Every company is required to keep certain registers, books and documents. Each company is obliged to make these available to its members and in some instances to members of the public.

A company must keep its registers and records either at its registered office or at another place within the State, such as the company’s principal place of business.

The following statutory registers are required to be kept by every company:

  • Register of Members
  • Register of Directors and Secretaries
  • Register of Directors’ and Secretaries’ Interests in shares in the company or its group companies
  • Register of beneficial ownership
  • Book of directors’ interests in transactions and contracts with the company
  • Register of debenture holders. This is required for PLCs only.
  • Individual and group acquisitions register. This is required for PLCs only.
  • Accounting records, and
  • Minute books of
    • the proceedings of meetings of the shareholders and documents relating to written resolutions of the shareholders
    • the proceedings of meetings of its directors and of any sub-committees of the directors.

Additionally, many companies have supplemental registers that, although not legally required, are very useful in assisting directors in administering their companies. These can include:

  • The register of applications and allotments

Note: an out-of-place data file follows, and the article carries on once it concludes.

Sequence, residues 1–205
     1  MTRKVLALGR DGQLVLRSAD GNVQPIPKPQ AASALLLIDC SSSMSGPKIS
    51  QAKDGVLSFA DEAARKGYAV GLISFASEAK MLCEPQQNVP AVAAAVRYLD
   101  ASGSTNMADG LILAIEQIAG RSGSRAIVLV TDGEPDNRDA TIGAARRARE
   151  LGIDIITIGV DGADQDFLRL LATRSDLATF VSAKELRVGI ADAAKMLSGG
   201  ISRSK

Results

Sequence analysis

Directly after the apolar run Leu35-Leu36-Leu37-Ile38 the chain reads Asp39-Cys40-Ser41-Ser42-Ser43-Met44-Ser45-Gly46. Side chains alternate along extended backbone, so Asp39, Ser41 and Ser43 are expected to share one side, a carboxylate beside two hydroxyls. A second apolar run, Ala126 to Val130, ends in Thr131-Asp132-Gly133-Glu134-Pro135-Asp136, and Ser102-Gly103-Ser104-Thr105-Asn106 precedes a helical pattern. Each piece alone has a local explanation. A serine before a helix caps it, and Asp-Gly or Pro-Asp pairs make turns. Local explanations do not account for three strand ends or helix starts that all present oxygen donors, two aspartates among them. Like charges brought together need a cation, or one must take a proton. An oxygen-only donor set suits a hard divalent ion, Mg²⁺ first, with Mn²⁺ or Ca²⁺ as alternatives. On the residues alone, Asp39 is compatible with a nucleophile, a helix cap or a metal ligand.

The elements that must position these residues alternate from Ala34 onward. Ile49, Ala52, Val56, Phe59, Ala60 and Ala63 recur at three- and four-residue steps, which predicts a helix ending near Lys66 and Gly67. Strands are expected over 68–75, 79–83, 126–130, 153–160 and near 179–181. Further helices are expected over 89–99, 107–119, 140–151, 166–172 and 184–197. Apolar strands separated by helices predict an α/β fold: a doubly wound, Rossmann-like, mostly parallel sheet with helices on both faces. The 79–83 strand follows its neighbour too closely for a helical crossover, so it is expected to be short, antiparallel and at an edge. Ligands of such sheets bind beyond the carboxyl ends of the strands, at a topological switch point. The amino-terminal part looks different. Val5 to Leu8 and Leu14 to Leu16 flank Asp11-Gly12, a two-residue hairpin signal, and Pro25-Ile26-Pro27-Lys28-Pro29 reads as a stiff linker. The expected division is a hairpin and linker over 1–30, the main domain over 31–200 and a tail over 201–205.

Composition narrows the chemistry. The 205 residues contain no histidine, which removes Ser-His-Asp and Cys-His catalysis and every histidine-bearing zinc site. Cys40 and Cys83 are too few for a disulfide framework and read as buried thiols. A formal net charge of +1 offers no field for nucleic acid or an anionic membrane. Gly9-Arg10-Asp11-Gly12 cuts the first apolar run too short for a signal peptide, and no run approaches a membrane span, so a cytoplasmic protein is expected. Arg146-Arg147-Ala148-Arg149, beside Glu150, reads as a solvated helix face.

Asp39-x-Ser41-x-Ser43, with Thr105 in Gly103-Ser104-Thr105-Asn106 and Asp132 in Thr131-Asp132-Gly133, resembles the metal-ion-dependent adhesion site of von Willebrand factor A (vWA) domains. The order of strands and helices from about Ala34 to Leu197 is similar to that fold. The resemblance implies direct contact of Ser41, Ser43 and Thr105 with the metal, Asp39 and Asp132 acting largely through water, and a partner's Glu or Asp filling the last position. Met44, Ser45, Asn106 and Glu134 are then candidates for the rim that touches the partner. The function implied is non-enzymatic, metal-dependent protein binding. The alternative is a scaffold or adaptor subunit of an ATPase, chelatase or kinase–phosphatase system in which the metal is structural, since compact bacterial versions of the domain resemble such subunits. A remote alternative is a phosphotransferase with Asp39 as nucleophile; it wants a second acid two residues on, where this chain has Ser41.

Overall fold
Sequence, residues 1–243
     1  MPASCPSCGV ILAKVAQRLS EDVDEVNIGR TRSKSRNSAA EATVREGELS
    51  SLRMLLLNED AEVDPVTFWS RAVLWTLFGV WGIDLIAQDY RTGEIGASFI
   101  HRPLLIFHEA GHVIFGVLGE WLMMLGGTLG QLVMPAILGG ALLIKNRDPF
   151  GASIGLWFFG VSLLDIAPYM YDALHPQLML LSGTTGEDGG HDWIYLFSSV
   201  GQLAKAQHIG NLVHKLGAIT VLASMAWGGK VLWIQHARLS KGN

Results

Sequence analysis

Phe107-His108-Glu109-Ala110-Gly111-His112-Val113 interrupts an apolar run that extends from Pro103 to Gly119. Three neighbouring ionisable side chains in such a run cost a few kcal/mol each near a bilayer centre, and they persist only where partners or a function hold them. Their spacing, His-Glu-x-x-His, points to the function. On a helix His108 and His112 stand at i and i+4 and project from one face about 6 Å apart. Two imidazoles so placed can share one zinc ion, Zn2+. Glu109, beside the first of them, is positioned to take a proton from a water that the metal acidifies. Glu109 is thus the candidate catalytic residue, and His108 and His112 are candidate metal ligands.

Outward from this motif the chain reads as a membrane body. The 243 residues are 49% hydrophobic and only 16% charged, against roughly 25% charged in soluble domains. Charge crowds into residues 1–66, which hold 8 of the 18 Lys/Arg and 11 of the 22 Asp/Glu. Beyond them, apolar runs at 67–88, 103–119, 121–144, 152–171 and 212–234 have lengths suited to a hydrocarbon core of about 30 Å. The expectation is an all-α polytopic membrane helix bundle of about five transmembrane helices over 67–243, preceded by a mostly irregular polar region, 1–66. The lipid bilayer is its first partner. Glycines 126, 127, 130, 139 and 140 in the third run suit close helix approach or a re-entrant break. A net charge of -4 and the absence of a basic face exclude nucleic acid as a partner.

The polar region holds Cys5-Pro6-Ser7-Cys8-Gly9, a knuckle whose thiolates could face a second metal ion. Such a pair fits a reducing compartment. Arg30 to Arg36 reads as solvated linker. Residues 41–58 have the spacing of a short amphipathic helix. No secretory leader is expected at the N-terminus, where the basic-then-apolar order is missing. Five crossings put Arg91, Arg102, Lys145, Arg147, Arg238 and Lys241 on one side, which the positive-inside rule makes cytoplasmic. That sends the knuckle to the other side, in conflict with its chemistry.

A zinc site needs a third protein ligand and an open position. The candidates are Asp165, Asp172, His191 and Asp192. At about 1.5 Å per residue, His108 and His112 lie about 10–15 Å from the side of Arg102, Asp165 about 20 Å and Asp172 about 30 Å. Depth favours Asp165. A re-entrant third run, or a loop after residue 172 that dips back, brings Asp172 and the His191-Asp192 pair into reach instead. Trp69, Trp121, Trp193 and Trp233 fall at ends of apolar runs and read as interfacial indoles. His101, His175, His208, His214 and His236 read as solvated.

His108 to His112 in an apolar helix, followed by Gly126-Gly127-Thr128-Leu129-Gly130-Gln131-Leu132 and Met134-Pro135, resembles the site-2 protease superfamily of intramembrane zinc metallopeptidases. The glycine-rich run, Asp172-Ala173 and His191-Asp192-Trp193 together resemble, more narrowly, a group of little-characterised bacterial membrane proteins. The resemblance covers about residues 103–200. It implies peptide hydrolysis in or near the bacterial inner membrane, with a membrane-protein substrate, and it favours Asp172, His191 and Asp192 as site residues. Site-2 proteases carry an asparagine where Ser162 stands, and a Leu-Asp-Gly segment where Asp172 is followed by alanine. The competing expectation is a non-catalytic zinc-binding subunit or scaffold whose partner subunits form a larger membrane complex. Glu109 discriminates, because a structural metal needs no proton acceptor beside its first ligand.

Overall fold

• The register of transfers, and
  • The register of sealings

Importance of maintaining statutory records and registers

The correct maintenance of statutory registers and the minute book is an essential obligation for any company. This obligation becomes particularly important when a company is being sold. Registers are always requested by potential buyers in conducting their due diligence on a potential target. If there is a gap in record keeping, the prospective buyer will be unable to satisfy themselves that the company has complied with its statutory obligations and will require the company and its owners to rectify any defect or neglect at their own cost.

Access to and inspection of books and registers

Certain inspection rights attach to the various statutory registers, books and documents:

  • The registers are open to inspection by any member of the company without charge
  • Any other person may also inspect the register of members, directors and secretaries and disclosable interests and request a copy of those registers on the payment of a fee
  • Minutes of meetings of the shareholders and any written resolutions of the shareholders can be accessed by the members of the company, by the Corporate Enforcement Agency and the company’s auditors
  • Minutes of directors’ meetings and of committees of the directors and written resolutions of the directors are open to directors, the Corporate Enforcement Agency and the auditors

Offences

Failure to ensure that the statutory registers and books are maintained is a category three criminal offence. Failure to ensure that the minute books, both shareholder and director minutes and resolutions, are maintained is a category four criminal offence.

Conclusion

Maintaining statutory registers and minute books of a company is a very important part of corporate governance. The registers and book provide a historical and current record of a company's ownership and all persons responsible for controlling the business. This information is essential and may be required in a number of instances, such as challenging or validating share ownership, completing share transfers, inheriting shares and exercising legal rights. Failing to keep statutory registers is an offence that can lead to penalties not only of the company but also for its officers.